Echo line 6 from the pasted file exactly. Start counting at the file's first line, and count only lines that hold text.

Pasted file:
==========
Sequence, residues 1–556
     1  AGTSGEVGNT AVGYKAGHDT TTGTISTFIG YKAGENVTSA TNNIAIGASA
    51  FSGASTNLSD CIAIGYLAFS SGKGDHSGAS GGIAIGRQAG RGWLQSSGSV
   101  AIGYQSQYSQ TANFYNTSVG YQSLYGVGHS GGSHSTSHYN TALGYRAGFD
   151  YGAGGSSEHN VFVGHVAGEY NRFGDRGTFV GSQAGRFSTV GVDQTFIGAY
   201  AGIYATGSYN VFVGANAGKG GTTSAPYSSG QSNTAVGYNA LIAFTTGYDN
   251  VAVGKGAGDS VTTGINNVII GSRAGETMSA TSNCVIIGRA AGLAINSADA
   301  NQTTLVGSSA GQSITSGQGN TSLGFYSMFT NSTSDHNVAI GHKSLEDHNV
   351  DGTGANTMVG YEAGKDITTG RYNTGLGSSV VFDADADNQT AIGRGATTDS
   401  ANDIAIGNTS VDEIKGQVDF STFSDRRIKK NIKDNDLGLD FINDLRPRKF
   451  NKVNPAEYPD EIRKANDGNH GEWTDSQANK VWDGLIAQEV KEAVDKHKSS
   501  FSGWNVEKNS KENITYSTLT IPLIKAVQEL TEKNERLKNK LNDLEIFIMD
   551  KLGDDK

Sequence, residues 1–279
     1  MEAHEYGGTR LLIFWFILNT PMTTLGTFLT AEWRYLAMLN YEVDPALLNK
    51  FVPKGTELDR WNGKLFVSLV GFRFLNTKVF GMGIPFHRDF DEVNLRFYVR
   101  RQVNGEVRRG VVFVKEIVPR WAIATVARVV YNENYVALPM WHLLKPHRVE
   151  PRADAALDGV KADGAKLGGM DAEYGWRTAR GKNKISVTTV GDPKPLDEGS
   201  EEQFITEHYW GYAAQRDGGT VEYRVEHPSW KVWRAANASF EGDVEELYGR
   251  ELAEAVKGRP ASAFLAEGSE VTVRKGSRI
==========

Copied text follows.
   201  AGIYATGSYN VFVGANAGKG GTTSAPYSSG QSNTAVGYNA LIAFTTGYDN